More suburban parents fighting for return to in-person learning

Parents and students in Community Unit School District 300 rallied Tuesday and made clear they do not feel the option of remote learning should go away completely. They say some need it, but they are tired of the one-size-fits-all approach and want the choice for students to learn in-person.

“If we can go to Walmart and purchase our groceries with our masks on and remain safe, then I think our kids can go back to school as well,” said Brandy Kittinger.

Kittinger’s son is a third grader in District 300. She says he needs supports she cannot give him at home.

“I know the school is trying the best that they can, but for him, in-school learning is the best option for us,” Kittinger said.

Right now, more than 19,000 students in the district -- the overwhelming majority -- are doing full-remote learning.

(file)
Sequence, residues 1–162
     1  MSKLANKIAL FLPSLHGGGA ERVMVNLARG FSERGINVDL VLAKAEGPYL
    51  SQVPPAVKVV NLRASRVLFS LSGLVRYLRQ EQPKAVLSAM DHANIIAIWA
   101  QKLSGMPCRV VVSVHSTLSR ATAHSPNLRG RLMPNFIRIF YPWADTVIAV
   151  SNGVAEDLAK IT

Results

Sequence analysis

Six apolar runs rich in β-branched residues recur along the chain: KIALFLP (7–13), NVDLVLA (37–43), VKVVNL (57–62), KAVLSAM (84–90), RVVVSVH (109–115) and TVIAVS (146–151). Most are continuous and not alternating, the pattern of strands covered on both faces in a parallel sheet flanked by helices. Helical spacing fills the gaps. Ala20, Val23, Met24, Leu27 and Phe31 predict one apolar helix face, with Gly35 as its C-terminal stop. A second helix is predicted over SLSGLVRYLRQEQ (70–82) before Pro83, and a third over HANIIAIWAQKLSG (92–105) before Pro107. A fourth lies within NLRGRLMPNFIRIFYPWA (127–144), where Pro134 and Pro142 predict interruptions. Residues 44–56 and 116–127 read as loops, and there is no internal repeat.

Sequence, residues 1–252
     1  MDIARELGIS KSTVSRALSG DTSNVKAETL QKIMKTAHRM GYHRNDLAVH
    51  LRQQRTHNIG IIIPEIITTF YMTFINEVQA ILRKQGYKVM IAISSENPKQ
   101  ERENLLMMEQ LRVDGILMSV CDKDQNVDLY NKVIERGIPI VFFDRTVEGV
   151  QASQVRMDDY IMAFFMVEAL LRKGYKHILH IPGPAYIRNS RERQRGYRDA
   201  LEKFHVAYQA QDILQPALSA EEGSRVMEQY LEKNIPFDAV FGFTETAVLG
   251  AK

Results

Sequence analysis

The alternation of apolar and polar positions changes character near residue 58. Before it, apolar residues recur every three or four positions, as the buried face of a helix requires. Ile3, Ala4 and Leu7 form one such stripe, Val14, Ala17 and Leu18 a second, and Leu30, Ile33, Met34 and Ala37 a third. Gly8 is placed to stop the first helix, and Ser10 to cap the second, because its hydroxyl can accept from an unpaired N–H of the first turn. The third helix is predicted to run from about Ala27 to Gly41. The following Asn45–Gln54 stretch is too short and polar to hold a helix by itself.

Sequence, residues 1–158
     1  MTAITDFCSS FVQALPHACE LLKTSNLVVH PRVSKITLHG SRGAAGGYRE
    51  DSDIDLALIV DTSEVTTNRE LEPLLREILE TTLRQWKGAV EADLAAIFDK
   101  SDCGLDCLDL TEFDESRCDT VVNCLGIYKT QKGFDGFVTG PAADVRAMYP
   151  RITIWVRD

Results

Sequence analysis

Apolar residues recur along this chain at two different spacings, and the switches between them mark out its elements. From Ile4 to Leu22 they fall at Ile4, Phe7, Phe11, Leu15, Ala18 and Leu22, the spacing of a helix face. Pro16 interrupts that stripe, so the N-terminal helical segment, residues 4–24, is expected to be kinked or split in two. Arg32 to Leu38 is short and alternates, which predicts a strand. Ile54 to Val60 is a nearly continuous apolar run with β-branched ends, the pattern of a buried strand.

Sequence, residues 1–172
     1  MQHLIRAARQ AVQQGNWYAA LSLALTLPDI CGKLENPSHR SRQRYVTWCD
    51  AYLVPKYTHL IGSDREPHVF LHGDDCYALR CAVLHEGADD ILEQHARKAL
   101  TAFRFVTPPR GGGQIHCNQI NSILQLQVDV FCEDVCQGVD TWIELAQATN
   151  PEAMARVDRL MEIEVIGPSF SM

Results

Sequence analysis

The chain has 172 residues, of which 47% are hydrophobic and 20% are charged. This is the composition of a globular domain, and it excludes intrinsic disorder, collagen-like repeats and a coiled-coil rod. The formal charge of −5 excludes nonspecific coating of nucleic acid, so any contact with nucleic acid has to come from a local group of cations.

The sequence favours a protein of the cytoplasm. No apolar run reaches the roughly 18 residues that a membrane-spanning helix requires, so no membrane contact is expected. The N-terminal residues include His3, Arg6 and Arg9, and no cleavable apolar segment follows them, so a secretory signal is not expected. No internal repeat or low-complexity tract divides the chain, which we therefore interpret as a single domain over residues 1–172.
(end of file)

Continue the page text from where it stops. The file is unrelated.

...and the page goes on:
“We want to promote in-person learning, but of all things we want to promote choice,” said Jacobs High School sophomore Brett Corrigan.

Corrigan helped organize Tuesday’s rally. He says he suffers a bit with remote learning because he is a hands-on learner. He also feels some teachers are overwhelmed.

“It just seems like the learning itself isn’t at its best when we’re on Zoom,” Corrigan said.

Some parents agree.

“There’s a lot of isolation going on and depression,” said Julie Dahlen.

“A lot of parents in our community, they would like to see their kids back in school, and there's quite a few that want to protect their kids because of the COVID,” said Village of Algonquin Trustee Jerry Glogowski.

Steve Fiorentino, the vice president of the District 300 Board of Education, feels the district should move forward with some type of in-person learning.

“We can be teaching young people in a safe way,” he said.

The district’s Board of Education was expected to vote Tuesday night on the instructional plan for the second quarter, which starts October 13. It could include a hybrid option.